76K new Georgia voters registered before US Senate runoffs

About 76,000 new voters registered in Georgia since before the presidential election, .enough to make a difference in the U.S. Senate runoffs if they turn out.These voters signed up before the state’s Dec. 7 voter registration deadline and are .eligible to participate in the Jan. 5 runoffs that will decide control of the Senate.They’re overwhelmingly young, with 57% of them under 35 years old.Some are new Georgia residents, others just turned 18.The rate of voters who registered during the last two months is roughly consistent with the rapid growth of the state’s voter rolls over the last two years.So far, over 914,000 people have cast ballots for the runoffs through Wednesday, with heavy early voting turnout.At the same point in the general election, 916,000 people had voted

Nearly 76,000 new voters registered in Georgia since before the presidential election, enough to make a difference in the U.S. Senate runoffs if they turn out.

The number of new voters was revealed in an updated voter registration list purchased from the secretary of state’s office by The Atlanta Journal-Constitution. These voters signed up before the state’s Dec. 7 voter registration deadline and are eligible to participate in the Jan. 5 runoffs that will decide control of the Senate.

They’re overwhelmingly young, with 56% of them under 35 years old. Some are new Georgia residents; others just turned 18. None has a voting record in the state.

In all, there are a record 7.7 million registered voters in Georgia. The 76,000 new voters signed up between Oct. 5, the deadline to register to vote in the November general election, and Dec. 7, the deadline for the runoffs.

Just 2,670 of the new voters have cast ballots in the runoffs through Tuesday, most of them during in-person early voting this week, according to state election data. The rest of them, 434 voters, had returned absentee ballots.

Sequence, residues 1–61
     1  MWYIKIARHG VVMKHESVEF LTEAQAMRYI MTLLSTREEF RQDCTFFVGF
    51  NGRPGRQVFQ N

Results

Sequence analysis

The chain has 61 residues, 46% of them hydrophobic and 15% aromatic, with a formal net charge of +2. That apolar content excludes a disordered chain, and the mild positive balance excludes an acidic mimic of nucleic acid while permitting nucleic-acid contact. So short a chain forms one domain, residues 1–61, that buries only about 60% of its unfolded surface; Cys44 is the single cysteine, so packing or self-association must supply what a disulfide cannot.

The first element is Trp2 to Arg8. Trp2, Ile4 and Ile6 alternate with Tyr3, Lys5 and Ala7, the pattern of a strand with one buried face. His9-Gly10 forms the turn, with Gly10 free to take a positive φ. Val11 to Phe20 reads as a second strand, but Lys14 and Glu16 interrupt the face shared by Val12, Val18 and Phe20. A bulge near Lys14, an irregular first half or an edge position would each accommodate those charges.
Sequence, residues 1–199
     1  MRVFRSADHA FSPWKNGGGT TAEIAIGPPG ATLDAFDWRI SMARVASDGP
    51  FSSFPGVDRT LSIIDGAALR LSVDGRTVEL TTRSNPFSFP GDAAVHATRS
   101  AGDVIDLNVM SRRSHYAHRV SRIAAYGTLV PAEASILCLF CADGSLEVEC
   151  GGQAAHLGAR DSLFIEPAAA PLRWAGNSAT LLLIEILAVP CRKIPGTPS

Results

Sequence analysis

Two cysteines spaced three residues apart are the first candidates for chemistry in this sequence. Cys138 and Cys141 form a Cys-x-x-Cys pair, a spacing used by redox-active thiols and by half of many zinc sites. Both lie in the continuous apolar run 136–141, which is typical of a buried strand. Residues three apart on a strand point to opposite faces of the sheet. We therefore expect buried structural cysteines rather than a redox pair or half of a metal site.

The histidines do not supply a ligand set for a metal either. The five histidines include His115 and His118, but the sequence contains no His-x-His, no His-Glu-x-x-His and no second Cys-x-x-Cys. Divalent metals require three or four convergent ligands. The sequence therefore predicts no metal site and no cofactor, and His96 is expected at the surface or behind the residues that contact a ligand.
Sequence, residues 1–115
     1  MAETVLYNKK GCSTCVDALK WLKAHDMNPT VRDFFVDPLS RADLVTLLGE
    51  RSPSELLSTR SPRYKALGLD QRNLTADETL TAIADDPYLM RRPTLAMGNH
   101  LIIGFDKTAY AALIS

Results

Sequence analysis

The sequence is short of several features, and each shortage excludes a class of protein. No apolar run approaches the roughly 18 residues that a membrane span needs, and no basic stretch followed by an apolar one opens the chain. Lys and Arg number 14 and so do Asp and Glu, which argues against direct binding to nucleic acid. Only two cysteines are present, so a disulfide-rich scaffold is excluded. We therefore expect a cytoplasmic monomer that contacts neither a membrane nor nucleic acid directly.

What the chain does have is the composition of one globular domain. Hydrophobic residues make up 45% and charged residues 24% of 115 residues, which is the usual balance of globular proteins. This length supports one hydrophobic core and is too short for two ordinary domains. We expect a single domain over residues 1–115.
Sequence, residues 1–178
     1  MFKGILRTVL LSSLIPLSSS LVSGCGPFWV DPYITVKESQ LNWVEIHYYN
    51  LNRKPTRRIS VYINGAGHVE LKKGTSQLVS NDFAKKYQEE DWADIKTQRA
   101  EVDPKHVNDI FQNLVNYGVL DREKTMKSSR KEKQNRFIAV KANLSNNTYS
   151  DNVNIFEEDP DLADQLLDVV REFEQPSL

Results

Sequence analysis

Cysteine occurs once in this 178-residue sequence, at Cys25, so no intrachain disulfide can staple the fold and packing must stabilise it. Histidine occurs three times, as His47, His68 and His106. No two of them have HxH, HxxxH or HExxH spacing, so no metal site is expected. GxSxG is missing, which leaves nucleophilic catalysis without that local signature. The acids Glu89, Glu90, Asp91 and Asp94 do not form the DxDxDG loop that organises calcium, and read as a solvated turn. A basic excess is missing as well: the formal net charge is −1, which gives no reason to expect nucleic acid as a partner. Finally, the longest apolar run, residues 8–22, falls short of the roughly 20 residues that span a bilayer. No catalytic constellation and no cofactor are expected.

The first-time Georgia voters can have an impact in a close election. Democratic President-elect Joe Biden won Georgia by about 12,000 votes, and Republican Gov. Brian Kemp won by nearly 55,000 votes in 2018.

“Georgians learned on Nov. 3 that if they register and vote, that their vote has power,” said Seth Bringman, a spokesman for Fair Fight Action, a voting rights group founded by Democrat Stacey Abrams. “If Georgians used their collective power, we could create change in our state.”

Republican Secretary of State Brad Raffensperger has warned out-of-state voters from relocating to Georgia for the runoffs unless they plan to stay here. It’s illegal to vote in Georgia without establishing legal residency, or to move here with the intention of voting and then quickly leaving.

“Our office is dedicated to making sure Georgians and only Georgians vote in Georgia’s elections,” said Deputy Secretary of State Jordan Fuchs.

The rate of voters who registered during the last two months is roughly consistent with the rapid growth of the state’s voter rolls over the last two years. The number of voters in the state increased by about 34,000 per month since October 2018, according to state election data.

Most voters are automatically registered to vote in Georgia when they obtain their driver’s licenses.

Less than half of the new voters, 46%, identified themselves as white when they registered. Overall, 53% of Georgia voters are white.

More Hispanic and Asian voters registered than their overall share of the electorate. About 28% of new voters are Black, lower than their 30% portion of the state’s voters.

So far, over 914,000 people have cast ballots for the runoffs through Wednesday, with heavy early voting turnout. At the same point in the general election, 916,000 people had voted.

ExploreAJC analysis: A breakdown of who has voted so far in Georgia Senate runoff

By the numbers

7.7 million: Registered voters in Georgia

75,858: New voters since the Oct. 5 voter registration deadline for the general election

5 million: Turnout in the general election

914,000: Turnout through the first three days of early voting in the runoff election

Source: Analysis of election data from the secretary of state’s office

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